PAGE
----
Thursday, July 17, 2014

Get to Know your Grapes Series - Pinot Noir

“Uh, I don't know, I don't know. Um, it's a hard grape to grow, as you know. Right? It's uh, it's thin-skinned, temperamental, ripens early. It's, you know, it's not a survivor like Cabernet, which can just grow anywhere and uh, thrive even when it's neglected. No, Pinot needs constant care and attention. You know? And in fact it can only grow in these really specific, little, tucked away corners of the world. And, and only the most patient and nurturing of growers can do it, really. Only somebody who really takes the time to understand Pinot's potential can then coax it into its fullest expression. Then, I mean, oh its flavors, they're just the most haunting and brilliant and thrilling and subtle and... ancient on the planet. ”
- Miles from the movie Sideways when asked why he is so into Pinot Noir.

Pinot Noir Grapes
In my personal experience,  Pinot Noir is a grape that can be used to make some very outstanding wine,  as well as some very disappointing wine, with not too many wines in between.  Although you may see some cheap - sub $10 bottles of Pinot Noir on the market, this is one wine where I highly recommend spending a bit more to get something truly special.  Pinot Noir is a high maintenance grape - highly susceptible to frost, rot, and Pierce’s disease (spread by a nasty little bug called the Glassy Winged Sharpshooter). It needs a fairly cool climate to grow, but also needs enough time on the vine to fully ripen in order to develop the complex flavors needed for a great wine.  Land where good Pinot grows is not cheap - it takes a lot of labor to tend to the grapes, and much care is needed during the winemaking process. All of these factors cost money... big money.  These costs to make Pinot Noir get reflected directly in the price you end up paying for a bottle.  Not to beat a dead horse, but some of the worst and the best wines I’ve ever tasted are Pinot Noirs.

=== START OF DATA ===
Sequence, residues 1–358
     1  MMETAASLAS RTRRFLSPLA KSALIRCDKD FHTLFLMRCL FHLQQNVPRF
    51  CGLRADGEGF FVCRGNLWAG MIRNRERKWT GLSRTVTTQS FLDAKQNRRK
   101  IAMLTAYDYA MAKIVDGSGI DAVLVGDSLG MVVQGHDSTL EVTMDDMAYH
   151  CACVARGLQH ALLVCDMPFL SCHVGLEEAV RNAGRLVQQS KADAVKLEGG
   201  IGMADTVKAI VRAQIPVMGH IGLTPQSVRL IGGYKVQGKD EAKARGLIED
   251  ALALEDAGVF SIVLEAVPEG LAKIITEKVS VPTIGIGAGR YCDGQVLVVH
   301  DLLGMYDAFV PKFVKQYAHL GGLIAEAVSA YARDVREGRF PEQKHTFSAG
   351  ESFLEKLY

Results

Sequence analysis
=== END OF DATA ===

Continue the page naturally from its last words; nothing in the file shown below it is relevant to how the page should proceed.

The history of Pinot Noir begins mostly over in France. The original home of Pinot Noir is in Burgundy, and in the Burgundy wine region Pinot Noir is used to make some to of the most expensive wines in the world. A wine from Domaine Romanée Conti can easily go for from $1,000 to $4,000 (just one 750ml bottle, not even a year’s supply!!).  Known as "DRC" to hip wine guys and gals - here is one person’s tasting notes that I find indescribably intriguing: “The primary flavor is raspberry, but it's so tangy, and the smoked meat note is so strong, that it reminded me of raspberries left in a smokehouse surrounded by pork ribs.”  

DRC is an extreme example of the price of good Burgundy wine, but the high cost of many Burgundies go back to laws put in place by Napoleon (“The Napoleonic Code”) where lands were divided evenly among all heirs.  Ownership is very fragmented, and after years and years of buying and selling parcels of land, a grape grower may own pieces in a dozen vineyards - not the most cost effective way to operate.

Pinot Noir (along with Chardonnay) is a major grape used in the production of Champagne  - in fact there is more Pinot Noir planted in the Champagne region than in Burgundy. In fact much of the Champagne you have had, unless the bottle specified “Blanc de Blancs” was made with some or even a lot of Pinot Noir.  The juice of many grapes are white, it is the contact with the skins during fermentation that makes our red wines red. 

In the U.S. - Oregon (Willamette Valley) and California (Carneros, Russian River Valley, Central Coast) are locations with the right climate, soil, to provide the particular conditions that allow Pinot Noir to thrive.